Confessions of a Sociopath by M.E. Thomas

Ok so I’ll make this short and sweet using the model I introduced since it’s my first time dealing with non-fiction.


What is the book trying to say?

M.E. Thomas is a self-confessed and diagnosed sociopath who has written a memoir under an alias on her experiences and how she sees the world. In this memoir, Thomas discusses a number of points:

  • Sociopaths see the world differently
  • Sociopaths enjoy playing with people with malicious but sometime non-violent attempts
  • Sociopaths struggle to relate emotionally with others
  • Sociopaths are not necessarily violent and when raised in a loving a supportive environment can become contributing citizens to society
  • Society should try to accommodate sociopaths as they are simply different, not bad


What is my opinion on the viewpoint of the book?

I’d be pretty naïve to take the word of a sociopath seriously, it’s so hard to break apart what’s reality and what’s just her megalomaniacal viewpoint. I understand why she’s saying half the stuff that she says and I also get the not wanting to have people repulsed by you but some of her viewpoints on people are pretty abhorrent. There’s also a number of inconsistent recounts of her childhood, and her analysis of interactions has been distorted by her overinflated opinion of herself but in essence this book is a fascinating study of what makes a sociopath a sociopath.


How has the book tried to discuss this?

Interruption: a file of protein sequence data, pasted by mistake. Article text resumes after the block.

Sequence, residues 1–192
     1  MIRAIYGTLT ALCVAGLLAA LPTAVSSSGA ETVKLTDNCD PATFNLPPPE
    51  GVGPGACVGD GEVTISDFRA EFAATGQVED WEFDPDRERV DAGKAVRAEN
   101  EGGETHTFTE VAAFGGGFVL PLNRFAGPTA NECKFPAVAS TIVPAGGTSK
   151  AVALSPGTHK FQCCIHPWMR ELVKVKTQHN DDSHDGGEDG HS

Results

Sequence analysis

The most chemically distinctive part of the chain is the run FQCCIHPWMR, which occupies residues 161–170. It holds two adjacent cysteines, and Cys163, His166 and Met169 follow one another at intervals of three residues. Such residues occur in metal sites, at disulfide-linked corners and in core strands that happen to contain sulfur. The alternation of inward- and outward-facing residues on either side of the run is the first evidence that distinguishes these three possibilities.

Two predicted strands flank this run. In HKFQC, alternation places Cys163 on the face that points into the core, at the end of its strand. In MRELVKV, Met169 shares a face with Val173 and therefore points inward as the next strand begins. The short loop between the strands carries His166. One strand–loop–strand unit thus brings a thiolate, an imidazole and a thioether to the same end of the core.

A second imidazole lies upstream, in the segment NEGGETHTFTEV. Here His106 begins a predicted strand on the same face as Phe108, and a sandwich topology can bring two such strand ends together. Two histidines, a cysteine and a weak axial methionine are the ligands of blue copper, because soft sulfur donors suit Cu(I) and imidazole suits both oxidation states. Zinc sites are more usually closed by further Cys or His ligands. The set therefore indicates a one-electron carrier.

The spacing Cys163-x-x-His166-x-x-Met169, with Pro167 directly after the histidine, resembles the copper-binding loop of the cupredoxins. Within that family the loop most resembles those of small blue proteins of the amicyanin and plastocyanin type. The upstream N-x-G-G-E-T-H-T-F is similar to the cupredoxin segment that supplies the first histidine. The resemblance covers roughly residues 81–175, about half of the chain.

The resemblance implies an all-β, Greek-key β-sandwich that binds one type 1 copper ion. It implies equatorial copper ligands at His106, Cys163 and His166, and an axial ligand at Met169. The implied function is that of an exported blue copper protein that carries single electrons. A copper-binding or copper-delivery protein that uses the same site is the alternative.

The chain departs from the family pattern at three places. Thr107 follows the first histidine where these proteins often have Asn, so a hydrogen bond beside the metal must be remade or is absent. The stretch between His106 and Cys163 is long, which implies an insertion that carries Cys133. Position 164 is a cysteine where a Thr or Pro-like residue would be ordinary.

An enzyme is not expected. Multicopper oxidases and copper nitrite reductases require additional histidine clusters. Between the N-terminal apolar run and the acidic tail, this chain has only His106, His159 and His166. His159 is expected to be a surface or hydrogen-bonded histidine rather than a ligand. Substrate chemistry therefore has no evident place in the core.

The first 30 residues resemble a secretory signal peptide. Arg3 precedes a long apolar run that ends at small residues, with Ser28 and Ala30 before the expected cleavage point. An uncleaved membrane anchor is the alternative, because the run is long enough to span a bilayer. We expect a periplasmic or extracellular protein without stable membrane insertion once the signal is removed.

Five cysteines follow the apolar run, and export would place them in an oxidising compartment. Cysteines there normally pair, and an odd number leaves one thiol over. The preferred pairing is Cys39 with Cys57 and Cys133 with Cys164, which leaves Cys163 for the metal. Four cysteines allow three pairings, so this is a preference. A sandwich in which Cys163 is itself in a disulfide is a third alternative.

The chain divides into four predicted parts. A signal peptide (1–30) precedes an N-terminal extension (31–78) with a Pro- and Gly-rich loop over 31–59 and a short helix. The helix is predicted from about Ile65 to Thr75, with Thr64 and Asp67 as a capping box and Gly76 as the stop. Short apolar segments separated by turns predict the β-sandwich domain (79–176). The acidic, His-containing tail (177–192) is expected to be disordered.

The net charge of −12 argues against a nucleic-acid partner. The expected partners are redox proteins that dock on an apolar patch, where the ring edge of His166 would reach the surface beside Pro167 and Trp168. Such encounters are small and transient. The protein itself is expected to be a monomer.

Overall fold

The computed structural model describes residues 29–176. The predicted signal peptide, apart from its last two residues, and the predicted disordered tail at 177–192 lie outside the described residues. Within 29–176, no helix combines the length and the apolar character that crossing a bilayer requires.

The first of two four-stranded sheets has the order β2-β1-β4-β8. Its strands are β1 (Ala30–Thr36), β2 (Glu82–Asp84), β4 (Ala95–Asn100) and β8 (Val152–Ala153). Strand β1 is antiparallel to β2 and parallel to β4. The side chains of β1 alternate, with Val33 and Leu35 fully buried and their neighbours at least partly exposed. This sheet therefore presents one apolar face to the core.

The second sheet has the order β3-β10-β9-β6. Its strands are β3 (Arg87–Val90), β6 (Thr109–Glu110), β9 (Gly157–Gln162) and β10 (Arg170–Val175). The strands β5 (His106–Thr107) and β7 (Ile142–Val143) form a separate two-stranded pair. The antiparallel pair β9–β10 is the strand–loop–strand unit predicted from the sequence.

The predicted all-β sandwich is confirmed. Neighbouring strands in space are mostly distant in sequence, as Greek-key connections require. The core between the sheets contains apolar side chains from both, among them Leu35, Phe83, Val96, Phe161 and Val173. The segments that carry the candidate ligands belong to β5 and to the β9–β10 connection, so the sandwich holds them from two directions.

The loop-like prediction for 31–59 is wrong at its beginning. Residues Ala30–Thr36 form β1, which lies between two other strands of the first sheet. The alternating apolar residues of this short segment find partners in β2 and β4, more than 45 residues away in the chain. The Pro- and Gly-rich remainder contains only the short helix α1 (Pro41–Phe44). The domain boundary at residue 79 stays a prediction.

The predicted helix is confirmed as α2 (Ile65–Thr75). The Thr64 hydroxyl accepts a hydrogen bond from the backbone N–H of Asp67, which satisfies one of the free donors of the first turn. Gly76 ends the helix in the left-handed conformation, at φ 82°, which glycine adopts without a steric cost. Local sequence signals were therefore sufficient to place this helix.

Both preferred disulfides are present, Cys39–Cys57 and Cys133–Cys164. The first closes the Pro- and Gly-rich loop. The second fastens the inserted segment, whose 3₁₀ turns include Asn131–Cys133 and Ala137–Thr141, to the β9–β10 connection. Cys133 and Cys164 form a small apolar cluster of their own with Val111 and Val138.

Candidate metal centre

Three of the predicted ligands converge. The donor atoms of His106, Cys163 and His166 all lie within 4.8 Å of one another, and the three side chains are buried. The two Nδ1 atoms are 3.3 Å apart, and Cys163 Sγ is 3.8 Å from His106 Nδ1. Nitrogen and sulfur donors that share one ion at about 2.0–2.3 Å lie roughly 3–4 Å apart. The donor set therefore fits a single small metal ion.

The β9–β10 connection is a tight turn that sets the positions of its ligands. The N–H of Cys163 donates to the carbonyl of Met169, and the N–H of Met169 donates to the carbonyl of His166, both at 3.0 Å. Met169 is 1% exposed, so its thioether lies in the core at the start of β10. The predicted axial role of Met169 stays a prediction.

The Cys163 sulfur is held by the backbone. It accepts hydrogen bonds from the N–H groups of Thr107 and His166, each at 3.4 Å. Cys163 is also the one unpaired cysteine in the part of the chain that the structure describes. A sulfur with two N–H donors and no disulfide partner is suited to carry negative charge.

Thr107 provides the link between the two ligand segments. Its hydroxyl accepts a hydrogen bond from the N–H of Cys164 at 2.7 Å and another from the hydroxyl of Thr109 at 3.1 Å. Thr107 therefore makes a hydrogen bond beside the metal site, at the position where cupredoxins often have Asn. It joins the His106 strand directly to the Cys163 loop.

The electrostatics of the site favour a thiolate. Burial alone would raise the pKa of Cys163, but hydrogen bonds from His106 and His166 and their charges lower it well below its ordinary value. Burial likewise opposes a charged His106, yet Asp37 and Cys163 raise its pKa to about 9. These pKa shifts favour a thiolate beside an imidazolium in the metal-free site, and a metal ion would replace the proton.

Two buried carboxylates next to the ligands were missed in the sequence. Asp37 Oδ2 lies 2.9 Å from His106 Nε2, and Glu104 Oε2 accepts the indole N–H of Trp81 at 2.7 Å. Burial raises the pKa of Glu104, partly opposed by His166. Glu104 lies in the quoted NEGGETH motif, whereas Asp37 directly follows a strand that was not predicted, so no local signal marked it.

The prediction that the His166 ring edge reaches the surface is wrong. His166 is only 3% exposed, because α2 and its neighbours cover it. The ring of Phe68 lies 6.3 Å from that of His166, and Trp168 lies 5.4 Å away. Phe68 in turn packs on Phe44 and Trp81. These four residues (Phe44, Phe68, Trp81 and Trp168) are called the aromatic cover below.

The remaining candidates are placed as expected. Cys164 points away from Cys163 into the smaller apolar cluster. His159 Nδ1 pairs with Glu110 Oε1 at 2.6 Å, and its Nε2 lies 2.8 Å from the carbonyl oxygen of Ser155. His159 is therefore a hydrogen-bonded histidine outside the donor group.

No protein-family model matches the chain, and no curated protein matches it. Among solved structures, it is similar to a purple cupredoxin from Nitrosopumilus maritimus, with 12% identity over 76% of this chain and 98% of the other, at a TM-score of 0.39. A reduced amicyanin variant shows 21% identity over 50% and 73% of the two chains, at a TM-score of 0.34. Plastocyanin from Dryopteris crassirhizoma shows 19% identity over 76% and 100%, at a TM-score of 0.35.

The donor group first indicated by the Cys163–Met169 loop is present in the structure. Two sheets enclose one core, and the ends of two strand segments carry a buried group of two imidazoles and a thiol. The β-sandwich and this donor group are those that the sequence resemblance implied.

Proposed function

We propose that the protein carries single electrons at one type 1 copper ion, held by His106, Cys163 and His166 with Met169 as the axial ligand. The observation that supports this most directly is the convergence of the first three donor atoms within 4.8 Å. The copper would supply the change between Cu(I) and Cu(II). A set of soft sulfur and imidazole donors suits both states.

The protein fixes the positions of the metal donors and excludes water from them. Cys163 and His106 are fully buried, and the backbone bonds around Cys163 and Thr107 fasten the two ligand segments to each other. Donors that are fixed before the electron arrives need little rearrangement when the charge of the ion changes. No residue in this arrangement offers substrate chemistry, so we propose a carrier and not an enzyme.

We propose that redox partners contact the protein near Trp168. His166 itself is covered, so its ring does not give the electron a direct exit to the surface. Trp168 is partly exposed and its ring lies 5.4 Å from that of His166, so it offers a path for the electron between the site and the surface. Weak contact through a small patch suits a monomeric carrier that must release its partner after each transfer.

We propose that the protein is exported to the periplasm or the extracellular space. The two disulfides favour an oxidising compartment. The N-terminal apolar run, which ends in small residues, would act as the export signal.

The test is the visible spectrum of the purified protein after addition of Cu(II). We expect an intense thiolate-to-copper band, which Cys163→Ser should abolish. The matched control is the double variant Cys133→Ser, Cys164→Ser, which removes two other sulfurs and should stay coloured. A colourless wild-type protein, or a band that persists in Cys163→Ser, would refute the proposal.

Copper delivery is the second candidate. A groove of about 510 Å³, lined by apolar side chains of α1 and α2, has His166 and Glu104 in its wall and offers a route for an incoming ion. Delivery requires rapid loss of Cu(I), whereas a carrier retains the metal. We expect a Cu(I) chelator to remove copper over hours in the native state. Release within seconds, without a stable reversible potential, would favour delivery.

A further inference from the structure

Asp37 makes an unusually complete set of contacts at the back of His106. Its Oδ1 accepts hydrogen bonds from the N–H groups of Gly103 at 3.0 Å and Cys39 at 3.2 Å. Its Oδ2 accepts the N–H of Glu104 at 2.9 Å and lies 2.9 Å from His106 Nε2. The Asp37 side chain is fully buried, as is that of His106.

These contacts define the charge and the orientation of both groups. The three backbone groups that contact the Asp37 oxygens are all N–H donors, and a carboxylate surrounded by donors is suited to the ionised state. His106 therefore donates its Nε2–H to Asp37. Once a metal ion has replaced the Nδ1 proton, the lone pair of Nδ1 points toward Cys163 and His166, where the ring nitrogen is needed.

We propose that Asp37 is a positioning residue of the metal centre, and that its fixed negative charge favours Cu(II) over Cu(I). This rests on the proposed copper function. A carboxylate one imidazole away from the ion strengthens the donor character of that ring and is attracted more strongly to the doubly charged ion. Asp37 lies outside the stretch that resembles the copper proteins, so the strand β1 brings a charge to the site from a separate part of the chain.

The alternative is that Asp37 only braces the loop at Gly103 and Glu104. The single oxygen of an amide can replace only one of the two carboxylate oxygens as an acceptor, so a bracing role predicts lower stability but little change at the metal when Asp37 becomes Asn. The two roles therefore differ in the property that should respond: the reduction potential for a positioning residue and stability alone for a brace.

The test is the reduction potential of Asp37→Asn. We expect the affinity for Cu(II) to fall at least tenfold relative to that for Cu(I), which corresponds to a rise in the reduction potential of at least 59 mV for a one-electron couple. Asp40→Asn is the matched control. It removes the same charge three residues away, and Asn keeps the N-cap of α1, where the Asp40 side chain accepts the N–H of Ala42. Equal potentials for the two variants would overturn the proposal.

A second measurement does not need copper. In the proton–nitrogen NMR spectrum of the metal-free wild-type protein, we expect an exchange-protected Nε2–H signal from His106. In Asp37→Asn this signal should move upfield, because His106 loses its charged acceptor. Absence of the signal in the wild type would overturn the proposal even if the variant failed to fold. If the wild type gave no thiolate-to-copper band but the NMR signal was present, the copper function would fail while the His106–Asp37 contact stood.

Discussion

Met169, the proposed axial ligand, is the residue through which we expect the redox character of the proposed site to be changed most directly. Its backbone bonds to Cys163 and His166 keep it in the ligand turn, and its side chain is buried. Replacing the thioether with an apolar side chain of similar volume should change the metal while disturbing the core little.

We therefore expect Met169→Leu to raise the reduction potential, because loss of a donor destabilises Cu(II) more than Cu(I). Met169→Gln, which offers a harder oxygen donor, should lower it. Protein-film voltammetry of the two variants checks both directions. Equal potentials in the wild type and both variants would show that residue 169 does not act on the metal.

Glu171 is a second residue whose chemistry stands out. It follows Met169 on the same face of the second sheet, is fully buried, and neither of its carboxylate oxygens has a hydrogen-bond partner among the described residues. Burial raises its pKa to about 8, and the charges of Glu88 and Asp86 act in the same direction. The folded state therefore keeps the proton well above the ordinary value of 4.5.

Thomas has used a mixture of statistics, research, and her personal experience. When discussing her life, she really goes into detail of how she sees the situation, to the point where it’s almost ridiculous, but it feeds into the stereotype that sociopaths really do think highly of themselves.


Thomas isn’t sorry for her actions (forcing her beloved brother to pay her for various favours, destroying people’s careers etc) but rather impersonal and amused by it, though she accepts why society would find them repulsive.


What is my opinion on this?

It’s quite effective, but mainly because I like seeing what makes other people tick, so it appeals to my general curiosity of people. Towards the end though, it became an astonishingly empty and superficial read which, tiring, is very reflective of sociopaths as a whole.


Do I recommend this to others?

I absolutely would. It’s very thought-provoking in the sense that we can see how a sociopath thinks and sees the world, but if you want an honest assessment of sociopathy, I’d recommend something else.



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